Real Friends Will Defend You From Saber-Toothed Tigers

Illustration for article titled Real Friends Will Defend You From Saber-Toothed Tigers

"What are friends for" is often posed as a rhetorical question. But a team of scientists believe they have an answer, and that answer is: to keep you from getting eaten.


The Telegraph reports on research by scientists at Oxford University, who studied the social behavior of a variety of primates, living and extinct. They found that primates started being more sociable when they started moving around during the day. Hanging out in daylight meant they were more vulnerable to predators, and they had to make friends to help fight them off. This is also the origin of the saying, "a friend in need is a friend in throwing makeshift arrows at a dire wolf."

This new finding should help people make sense of friendship, something that's become a vexed issue in our modern age. In the Guardian, Zoe Williams references research showing that now that many of us spend our days staring at computer screens rather than down the gullets of slavering carnivores, the average person has just two real friends. But what's a real friend? Williams subscribes to this definition: "a friend is someone who will drop what they're doing and come and help you, if you need it." Accordingly, she has five.

One woman she interviews for her piece, however, has just "one or two," and a quarter of respondents in a 2006 survey said they had no close confidants. Many have taken this to mean that we denizens of the TwitterFacebookInterweboverse are doomed to a life of solitude. But I'm not worried. Pretty soon the coyote-wolf hybrids are going to start breaking into our houses, and then we'll have to band together for survival.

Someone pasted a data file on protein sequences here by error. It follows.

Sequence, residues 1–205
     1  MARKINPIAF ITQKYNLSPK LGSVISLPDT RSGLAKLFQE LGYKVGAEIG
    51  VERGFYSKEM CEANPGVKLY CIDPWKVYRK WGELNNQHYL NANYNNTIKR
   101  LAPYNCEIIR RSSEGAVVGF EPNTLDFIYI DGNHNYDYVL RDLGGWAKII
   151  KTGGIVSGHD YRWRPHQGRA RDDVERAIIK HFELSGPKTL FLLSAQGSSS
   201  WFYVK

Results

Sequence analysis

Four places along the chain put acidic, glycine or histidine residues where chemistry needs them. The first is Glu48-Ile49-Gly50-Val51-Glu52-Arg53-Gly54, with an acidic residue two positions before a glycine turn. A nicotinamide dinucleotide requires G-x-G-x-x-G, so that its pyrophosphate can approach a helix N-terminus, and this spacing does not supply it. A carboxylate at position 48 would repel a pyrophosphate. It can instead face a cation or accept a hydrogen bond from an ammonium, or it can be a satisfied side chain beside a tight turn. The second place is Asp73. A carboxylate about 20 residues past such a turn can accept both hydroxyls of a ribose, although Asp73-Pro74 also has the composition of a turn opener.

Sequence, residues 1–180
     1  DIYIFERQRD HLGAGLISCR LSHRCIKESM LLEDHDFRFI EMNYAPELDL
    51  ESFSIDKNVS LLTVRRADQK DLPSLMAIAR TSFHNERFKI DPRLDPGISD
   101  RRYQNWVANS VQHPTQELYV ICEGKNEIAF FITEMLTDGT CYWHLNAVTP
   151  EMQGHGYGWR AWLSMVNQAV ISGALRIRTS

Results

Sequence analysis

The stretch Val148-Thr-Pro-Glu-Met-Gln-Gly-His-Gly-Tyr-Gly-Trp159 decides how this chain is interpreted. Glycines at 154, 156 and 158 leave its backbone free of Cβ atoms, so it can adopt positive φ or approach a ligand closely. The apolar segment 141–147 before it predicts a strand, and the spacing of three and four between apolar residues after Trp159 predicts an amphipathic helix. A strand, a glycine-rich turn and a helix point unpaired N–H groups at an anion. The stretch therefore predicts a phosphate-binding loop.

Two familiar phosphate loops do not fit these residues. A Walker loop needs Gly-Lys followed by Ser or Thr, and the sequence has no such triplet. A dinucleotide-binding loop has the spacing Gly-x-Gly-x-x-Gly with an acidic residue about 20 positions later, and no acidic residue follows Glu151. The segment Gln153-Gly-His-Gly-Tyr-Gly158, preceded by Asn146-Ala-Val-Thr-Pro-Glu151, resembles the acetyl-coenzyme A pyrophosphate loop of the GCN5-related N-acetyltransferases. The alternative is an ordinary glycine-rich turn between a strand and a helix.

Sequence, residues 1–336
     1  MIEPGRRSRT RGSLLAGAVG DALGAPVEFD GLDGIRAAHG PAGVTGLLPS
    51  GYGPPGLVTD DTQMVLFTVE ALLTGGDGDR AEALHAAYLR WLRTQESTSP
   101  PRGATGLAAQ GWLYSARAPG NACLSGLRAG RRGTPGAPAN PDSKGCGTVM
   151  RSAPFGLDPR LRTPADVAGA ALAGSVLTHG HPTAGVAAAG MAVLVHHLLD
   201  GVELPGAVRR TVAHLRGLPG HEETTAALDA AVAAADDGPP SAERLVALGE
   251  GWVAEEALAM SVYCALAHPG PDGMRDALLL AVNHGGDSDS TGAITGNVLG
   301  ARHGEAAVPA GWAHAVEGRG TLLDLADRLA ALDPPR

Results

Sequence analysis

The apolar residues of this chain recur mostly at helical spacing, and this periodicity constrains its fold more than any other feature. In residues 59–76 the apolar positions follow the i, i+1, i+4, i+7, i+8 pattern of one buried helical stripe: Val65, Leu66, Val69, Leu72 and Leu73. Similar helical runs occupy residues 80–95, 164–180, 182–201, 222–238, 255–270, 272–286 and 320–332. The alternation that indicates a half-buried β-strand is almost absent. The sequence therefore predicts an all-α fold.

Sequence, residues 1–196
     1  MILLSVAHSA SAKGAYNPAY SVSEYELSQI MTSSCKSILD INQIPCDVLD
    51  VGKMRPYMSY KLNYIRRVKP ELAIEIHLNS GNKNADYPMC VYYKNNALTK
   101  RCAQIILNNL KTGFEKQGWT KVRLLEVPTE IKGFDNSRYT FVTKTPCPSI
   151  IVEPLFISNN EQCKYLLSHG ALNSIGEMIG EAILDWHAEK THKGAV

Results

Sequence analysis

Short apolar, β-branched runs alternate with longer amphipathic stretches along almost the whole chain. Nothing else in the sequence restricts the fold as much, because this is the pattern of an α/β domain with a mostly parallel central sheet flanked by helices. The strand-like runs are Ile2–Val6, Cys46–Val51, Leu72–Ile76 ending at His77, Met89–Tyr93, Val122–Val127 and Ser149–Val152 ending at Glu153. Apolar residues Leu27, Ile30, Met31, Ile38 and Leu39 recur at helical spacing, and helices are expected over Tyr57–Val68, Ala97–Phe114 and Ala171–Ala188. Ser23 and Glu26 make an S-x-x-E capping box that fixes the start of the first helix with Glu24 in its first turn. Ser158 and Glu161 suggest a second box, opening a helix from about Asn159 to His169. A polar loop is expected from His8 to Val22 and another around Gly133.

Origins Of Human Social Networks Discovered [Telegraph]
Social Networking Aside, How Many Close Friends Do You Have? [Guardian]


Stephan Zielinski

With regards to the Telegraph's headline "Origins Of Human Social Networks Discovered": that's for a value of "Discovered" equal to "Speculated About." Let's think about this. How would one go about studying the social behavior of an extinct primate? Crystal ball? Time machine? Ouija board? "H-E-Q-R-A-N-F. That's Kenyanthropus platyops for `We are a patrilocal species that resolves intratroop conflicts primarily through labiodental perineal grooming,' right?"

In fact, Schulz et alia went with a simpler approach: they guessed. From the abstract at [] : "However, primate social behaviour shows strong evidence for phylogenetic inertia, permitting the use of Bayesian comparative methods to infer changes in social behaviour through time. . ." Translation: "Well, we figure social behavior doesn't change all that fast, so what we see now is probably how it was before— albeit in animals that don't exist now."

There may be some interesting ideas behind the paywall; I don't know. But they'll be ideas, or thought experiments— not discoveries or hard facts. You can tell it's handwaving because there aren't any numbers in the "Figures"— just a bunch of words in circles with exciting arrows flying around.